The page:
It is refreshing to hear this positive stance from Mr Harris, and as he said, we are still producing food and getting paid for it, and this will not change. He also noted that many farmers’ incomes have increased substantially since the Brexit vote.
Area payments will eventually be phased out, which could indeed leave us with a better industry, if opportunities are taken. It is worth considering whether we will all need guaranteed subsidies in the future.
Campaigners from the Sustainable Soils Alliance, recently asked Ministers for clarification as to how the government will incentivise farmers to improve soil health and the environment.
No doubt because both Michael Gove and George Eustice repeatedly say that protecting and enhancing soil health is the cornerstone of the agri-environment scheme to support farmer’s post-Brexit. It will they say, ‘be at the heart of the Governments’ agriculture policy, and if they get it right a lot of other things will take care of themselves!’
Some of us are baffled by this approach, and wonder what exactly we shall be expected to do to our soil, over and above what we are already doing, and have been doing for many years.
Anyone would think that soil management and min-till had been invented by DEFRA Minister Michael Gove. I was not aware he was around, let alone interested in agriculture some twenty years ago when most of us went down the min till route.
I think Robert Plumb, Soil Fertility Services Ltd, would have something to say about this – Robert does indeed have something to say about most things!
Robert has been working hand in hand with farmers throughout the UK for well over twenty years, striving to find biological farming solutions that are efficient and effective, to build up soil fertility and crop nutrition.
Soil fertility is dependent upon the chemistry, soil structure and biology being in balance. Robert’s most important message has always been, disturb the soil as little as possible, stick to min-till, and certainly never plough unless absolutely necessary.
Robert’s Soil Fertility Services have monitored and tested soil, and leaf samples from growing crops, regularly throughout the growing season, at Ote Hall Farms for over twenty years. This ensures that we have the right information and know the potential of our soil to produce healthy crops.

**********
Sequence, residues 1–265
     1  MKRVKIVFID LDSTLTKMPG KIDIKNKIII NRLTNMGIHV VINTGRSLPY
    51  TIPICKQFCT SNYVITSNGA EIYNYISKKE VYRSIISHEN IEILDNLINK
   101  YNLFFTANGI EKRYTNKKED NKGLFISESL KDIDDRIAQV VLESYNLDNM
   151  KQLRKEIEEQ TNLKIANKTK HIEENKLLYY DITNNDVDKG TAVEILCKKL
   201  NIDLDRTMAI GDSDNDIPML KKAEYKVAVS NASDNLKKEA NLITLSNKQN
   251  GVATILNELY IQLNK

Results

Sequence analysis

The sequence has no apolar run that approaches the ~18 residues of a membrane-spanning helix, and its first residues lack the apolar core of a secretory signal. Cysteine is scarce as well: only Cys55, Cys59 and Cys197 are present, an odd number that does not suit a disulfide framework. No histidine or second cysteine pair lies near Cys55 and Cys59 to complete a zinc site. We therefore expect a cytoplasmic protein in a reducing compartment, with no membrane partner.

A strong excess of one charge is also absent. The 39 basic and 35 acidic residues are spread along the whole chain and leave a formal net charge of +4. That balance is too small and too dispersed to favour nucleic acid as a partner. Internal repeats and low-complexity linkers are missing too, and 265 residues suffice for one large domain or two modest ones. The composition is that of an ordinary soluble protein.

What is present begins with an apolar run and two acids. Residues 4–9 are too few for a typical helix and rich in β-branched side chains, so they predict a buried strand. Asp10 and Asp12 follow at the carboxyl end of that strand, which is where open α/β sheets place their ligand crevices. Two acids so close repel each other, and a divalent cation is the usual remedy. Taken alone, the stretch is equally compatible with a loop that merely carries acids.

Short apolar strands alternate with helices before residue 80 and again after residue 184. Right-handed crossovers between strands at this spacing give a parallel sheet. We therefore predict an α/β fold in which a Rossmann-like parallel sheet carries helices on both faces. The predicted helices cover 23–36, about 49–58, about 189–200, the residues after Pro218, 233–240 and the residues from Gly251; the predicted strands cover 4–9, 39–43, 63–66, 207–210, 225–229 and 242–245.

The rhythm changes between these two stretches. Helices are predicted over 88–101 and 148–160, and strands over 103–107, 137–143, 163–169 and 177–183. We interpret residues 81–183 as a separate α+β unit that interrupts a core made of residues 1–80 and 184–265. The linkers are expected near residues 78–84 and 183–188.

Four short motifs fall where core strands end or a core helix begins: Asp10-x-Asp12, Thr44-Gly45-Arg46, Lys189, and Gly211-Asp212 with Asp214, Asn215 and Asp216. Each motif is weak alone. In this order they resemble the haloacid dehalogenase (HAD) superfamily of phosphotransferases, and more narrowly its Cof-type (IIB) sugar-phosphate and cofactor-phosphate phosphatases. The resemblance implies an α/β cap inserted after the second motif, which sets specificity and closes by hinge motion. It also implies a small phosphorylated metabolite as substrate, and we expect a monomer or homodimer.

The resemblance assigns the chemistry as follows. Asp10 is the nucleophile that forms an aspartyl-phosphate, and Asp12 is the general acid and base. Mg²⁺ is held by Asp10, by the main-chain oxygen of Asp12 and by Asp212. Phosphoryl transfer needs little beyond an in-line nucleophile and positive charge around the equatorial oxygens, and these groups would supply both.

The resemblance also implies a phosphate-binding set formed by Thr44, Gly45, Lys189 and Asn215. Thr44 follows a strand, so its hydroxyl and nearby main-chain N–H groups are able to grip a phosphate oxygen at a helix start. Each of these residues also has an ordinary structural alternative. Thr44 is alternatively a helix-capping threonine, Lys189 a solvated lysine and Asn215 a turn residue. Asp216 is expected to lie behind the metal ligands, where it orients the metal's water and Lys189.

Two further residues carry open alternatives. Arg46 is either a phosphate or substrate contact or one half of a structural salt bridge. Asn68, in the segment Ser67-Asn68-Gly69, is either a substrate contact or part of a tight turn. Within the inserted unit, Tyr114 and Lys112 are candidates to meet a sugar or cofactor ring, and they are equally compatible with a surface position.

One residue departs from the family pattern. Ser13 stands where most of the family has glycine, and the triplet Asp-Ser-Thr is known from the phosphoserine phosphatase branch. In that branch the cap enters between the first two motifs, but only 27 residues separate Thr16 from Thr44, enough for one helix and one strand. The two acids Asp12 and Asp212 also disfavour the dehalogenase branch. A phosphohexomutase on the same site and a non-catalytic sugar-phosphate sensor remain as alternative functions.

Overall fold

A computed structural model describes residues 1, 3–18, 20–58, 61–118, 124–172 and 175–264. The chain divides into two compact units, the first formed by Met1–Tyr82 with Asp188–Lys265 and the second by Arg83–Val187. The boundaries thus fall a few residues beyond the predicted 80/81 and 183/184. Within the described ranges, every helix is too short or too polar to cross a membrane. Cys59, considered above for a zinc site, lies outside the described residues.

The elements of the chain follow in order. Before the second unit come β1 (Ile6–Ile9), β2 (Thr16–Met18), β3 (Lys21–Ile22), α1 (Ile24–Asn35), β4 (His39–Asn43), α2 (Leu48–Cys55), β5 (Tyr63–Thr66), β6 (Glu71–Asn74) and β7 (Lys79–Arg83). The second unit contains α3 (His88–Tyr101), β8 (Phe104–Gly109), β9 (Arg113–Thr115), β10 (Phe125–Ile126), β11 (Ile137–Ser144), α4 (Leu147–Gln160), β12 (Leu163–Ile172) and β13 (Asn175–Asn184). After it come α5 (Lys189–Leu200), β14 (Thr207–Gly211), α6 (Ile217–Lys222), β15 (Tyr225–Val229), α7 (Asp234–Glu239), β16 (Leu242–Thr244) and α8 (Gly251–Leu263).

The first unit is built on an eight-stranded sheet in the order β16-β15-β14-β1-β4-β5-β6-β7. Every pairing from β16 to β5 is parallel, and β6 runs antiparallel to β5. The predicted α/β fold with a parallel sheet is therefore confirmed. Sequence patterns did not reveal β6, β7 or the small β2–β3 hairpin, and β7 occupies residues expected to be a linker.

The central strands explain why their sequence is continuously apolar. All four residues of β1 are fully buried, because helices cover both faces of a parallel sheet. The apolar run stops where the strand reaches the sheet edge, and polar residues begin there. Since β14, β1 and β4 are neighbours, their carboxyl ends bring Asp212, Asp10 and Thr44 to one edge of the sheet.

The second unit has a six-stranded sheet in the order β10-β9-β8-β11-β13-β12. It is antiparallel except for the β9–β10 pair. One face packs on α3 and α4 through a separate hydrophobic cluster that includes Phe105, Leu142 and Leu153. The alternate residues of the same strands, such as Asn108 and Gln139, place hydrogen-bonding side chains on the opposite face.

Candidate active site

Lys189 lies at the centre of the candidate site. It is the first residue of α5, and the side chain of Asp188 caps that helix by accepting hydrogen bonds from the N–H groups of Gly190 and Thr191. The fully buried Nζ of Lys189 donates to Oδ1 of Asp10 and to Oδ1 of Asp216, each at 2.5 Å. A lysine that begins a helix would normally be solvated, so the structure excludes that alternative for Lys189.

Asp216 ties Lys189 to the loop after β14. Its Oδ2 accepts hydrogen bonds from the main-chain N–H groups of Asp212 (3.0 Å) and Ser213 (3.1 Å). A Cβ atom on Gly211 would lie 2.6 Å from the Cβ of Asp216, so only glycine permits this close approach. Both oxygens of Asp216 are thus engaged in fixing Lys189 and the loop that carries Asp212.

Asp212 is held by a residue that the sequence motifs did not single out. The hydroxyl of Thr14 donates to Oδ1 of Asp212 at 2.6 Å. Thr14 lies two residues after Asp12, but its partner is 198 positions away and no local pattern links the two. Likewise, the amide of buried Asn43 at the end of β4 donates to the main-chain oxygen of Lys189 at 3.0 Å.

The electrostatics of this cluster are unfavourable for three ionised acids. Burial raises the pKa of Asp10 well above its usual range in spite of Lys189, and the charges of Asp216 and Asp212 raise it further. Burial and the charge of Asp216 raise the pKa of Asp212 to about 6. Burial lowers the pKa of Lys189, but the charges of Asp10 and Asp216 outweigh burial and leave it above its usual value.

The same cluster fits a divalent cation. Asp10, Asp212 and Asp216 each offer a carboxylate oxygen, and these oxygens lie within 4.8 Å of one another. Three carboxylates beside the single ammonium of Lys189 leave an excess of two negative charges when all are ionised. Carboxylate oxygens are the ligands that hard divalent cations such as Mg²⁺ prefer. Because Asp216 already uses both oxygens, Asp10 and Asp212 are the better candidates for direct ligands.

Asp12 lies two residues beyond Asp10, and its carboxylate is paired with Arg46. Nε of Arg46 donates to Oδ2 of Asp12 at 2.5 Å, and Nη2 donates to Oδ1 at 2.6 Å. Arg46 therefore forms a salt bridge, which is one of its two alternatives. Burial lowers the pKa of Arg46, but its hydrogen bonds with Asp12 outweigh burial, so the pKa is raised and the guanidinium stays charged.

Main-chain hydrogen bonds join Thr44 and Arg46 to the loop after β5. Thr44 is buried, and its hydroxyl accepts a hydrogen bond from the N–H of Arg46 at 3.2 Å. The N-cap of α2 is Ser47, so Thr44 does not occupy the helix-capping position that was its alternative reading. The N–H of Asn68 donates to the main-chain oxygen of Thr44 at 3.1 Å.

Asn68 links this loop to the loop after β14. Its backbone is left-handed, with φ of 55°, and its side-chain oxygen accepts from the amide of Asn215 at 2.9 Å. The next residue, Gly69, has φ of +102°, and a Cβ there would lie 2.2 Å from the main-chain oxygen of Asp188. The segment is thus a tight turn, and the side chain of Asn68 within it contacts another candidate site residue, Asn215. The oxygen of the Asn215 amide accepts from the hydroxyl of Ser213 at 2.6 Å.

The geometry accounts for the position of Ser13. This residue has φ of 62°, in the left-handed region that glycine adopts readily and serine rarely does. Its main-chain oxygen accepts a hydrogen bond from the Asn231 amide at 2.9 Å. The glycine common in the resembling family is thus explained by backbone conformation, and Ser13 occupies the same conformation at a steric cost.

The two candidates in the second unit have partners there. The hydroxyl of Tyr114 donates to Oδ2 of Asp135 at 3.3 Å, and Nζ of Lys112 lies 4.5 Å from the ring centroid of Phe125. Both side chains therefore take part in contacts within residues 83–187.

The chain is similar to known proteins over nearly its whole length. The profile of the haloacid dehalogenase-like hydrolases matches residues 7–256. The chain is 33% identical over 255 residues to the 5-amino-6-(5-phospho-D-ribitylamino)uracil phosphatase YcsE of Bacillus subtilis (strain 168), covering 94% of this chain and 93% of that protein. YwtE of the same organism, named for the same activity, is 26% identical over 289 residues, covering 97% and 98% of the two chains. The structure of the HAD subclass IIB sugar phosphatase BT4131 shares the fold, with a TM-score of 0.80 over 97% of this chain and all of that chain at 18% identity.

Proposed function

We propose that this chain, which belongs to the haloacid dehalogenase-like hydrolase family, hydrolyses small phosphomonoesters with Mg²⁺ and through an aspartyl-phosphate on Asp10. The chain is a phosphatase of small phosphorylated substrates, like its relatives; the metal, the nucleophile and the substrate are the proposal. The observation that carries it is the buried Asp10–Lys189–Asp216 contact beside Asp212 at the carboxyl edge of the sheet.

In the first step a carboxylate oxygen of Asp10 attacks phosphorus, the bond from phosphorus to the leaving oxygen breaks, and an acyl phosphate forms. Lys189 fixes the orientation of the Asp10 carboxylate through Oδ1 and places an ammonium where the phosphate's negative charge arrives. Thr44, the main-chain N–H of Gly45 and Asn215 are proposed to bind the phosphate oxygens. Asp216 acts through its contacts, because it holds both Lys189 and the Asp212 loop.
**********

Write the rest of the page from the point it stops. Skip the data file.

Regular soil testing tells us just how much natural fertility is ‘locked up’ in the soil. What combination of nutrients to apply to unlock that fertility, and how much Nitrogen and other inputs to employ.
My point is that farmers already take great care of their soil and natural resources. We create beetle banks, wild bird strips, 6 metre boundaries around field edges to protect ditches and water ways, and to encourage ground nesting birds.
Farming has created the beautiful countryside so admired. We trim hedges, clean out the ditches, and manage our woodland, hand in hand with producing the world’s best food, including bread, meat, milk, butter and vegetables; the basic requirements of every household in the land.
Our animal husbandry is the most robust and comprehensive and of the highest standard in the world.
In the recent freezing weather the public were reminded that we work in all elements 24/7 tending our livestock, and also turn out to help clear roads, and ferry hospital staff and medication with our tractors and 4 X 4s.
We do not need bribing to do our job. We want a fair price and an agriculture policy which is future proof for sustainable British food production.
This week Brexit negotiations move forward, and the Irish border must not become a political football and distraction. Border controls work well between the EU and Switzerland, there is no reason they cannot work here.